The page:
Official music page and soapbox of Matt Snell

Thursday 10 November 2011

Movie Review: Blood Tea and Red String

The greatest video store I have ever known, Peterborough's Have You Seen, went out of business this month. I have no reason to live and I can't stop crying, but I cling to the memory of my last rental there. Christiane Cegavske's Blood Tea and Red String will always remind me of better times, before a gaping wound opened in Peterborough's cultural side.

If you don't like stop motion, stay the hell away. If you have a taste for it, Blood Tea and Red String is impossible to dislike. Christiane Cegavske would probably be glad to hear that, because it took her thirteen years from to go from idea to execution. For a move in production that long, it's remarkably cohesive - all the ideas I had thirteen years ago seem pretty stupid to me now. The end product looks like Jan Svankmajer animating a long-lost Alejandro Jodorowsky script. It even has the same kind of grainy, washed out colour that is Svankmajer's stamp. It doesn't have any animated meat, but it does have a cake filled with bugs. The Jodorowsky link comes through in waves of inscrutable symbolism and psychedelic mythology. That said, Cegavske definitely has her own thing going, a certain crafty, earthy, entirely handmade feeling that makes the proceedings feel a whole lot older than most releases from 2006. It also reminded me heavily of the stop-motion version of the Wind in the Willows, the difference being that the weirdness here seems intentional.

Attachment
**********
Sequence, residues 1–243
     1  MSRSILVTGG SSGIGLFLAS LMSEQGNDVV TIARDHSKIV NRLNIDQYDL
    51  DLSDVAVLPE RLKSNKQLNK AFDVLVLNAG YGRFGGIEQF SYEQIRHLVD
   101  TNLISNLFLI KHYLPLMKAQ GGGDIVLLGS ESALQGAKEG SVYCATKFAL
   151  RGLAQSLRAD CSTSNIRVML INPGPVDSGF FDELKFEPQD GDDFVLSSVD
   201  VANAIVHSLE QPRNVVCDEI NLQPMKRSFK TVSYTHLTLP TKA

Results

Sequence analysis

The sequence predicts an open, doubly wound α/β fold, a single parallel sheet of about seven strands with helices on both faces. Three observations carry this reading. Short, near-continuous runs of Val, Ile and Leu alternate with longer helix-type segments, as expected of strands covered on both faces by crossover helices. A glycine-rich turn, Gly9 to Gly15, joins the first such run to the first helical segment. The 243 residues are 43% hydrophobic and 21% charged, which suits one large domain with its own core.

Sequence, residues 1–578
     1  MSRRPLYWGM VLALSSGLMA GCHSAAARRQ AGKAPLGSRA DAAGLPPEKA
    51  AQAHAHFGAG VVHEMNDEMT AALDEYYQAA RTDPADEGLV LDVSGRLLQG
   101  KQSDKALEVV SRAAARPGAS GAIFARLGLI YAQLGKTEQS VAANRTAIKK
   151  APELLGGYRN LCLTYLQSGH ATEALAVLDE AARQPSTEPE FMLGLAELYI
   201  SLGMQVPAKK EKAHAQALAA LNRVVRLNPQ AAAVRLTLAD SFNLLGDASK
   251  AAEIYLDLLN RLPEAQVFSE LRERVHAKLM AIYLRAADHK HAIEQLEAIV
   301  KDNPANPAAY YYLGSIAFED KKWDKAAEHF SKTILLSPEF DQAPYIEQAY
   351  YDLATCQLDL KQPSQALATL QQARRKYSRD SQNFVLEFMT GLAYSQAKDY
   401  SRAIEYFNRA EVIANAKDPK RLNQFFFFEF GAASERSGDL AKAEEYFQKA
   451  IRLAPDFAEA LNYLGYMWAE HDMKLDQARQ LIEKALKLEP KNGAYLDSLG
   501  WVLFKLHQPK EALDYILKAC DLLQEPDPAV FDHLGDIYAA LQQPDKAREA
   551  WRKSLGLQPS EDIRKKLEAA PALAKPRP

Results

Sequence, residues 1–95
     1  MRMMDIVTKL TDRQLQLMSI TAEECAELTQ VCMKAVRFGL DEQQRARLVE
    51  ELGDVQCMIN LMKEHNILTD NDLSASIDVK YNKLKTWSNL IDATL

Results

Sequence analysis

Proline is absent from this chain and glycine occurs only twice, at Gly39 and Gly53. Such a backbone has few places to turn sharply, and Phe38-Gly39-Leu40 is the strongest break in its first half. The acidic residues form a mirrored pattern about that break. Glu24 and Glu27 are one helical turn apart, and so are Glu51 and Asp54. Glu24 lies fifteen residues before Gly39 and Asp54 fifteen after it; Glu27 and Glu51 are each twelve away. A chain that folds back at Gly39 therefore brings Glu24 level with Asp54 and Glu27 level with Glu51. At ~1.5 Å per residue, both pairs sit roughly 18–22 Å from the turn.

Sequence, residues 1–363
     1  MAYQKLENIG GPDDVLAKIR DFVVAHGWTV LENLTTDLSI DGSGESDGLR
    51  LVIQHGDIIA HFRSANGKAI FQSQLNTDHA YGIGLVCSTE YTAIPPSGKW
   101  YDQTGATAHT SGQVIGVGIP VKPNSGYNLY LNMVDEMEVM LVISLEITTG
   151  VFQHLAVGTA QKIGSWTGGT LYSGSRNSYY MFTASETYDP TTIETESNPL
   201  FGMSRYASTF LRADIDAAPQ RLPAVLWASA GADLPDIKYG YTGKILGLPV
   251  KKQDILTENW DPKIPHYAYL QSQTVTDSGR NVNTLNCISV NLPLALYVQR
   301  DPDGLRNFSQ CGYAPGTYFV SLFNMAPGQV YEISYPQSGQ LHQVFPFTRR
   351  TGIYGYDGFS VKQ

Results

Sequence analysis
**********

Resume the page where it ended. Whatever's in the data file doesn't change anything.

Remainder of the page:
It has a plot. It has to do with a bunch of bat-eared crows with brown fur getting their idol back from a posse of white mice who stole it. Along the way they eat psychotropic passion fruit and face a spider with a human head (come to think of it, that's exactly the kind of stuff I was thinking about thirteen years ago). I'm not sure I understood a whole lot else, but I know I liked it. For a film as homemade and rustic looking as this one, I thought the angles and editing were sharp and creative and kept things ticking. I seem to be moving away from words, because like the Jim Woodring comics I wrote about a few months ago, this fairy tale is entirely wordless. It's got one helluva soundtrack to make up for it, though. Mark Growden's music, with its meandering, pastoral wooden flute melodies, sometimes verges on cheesy sixties folk but matches the scene perfectly and lends extra mystery. The music during the tea party dance made me excited and sick to my stomach, exactly what I look for in a soundtrack.

Cegavske says on her website that Blood Tea and Red String is part of a planned trilogy, and the next installment is almost ready to begin shooting. She's posted a tantalizing image or two already - if I have to wait until I'm in my forties to see I'm going to be disappointed. In the meantime, I heartily recommend the first film. I don't know where you're gonna find it... but enough lamenting, here's the trailer:

(P.S.I don't want to spoil the movie, but if you want to see that wonderful sickmaking scene with the dancing mice, it's available online here.)

1 comment:

  1. "music...made me excited and sick to my stomach, exactly what I look for in a soundtrack."

    That's great!

    Thanks for the recommendation. I like the wordless, too, and have even contemplated putting together a list of my favorite wordless or nearly wordless movies. Or sections of movies like 'Eraserhead' or the beginning of 'Up'...that would probably be a complete waste of my time though.

    What other stop motion stuff do you like? I assume you've seen the Quay bros. stuff. I have to be in the right mood for that funk.

    Sorry to hear about your video store. The times they are a-changing, and not necessarily for the better...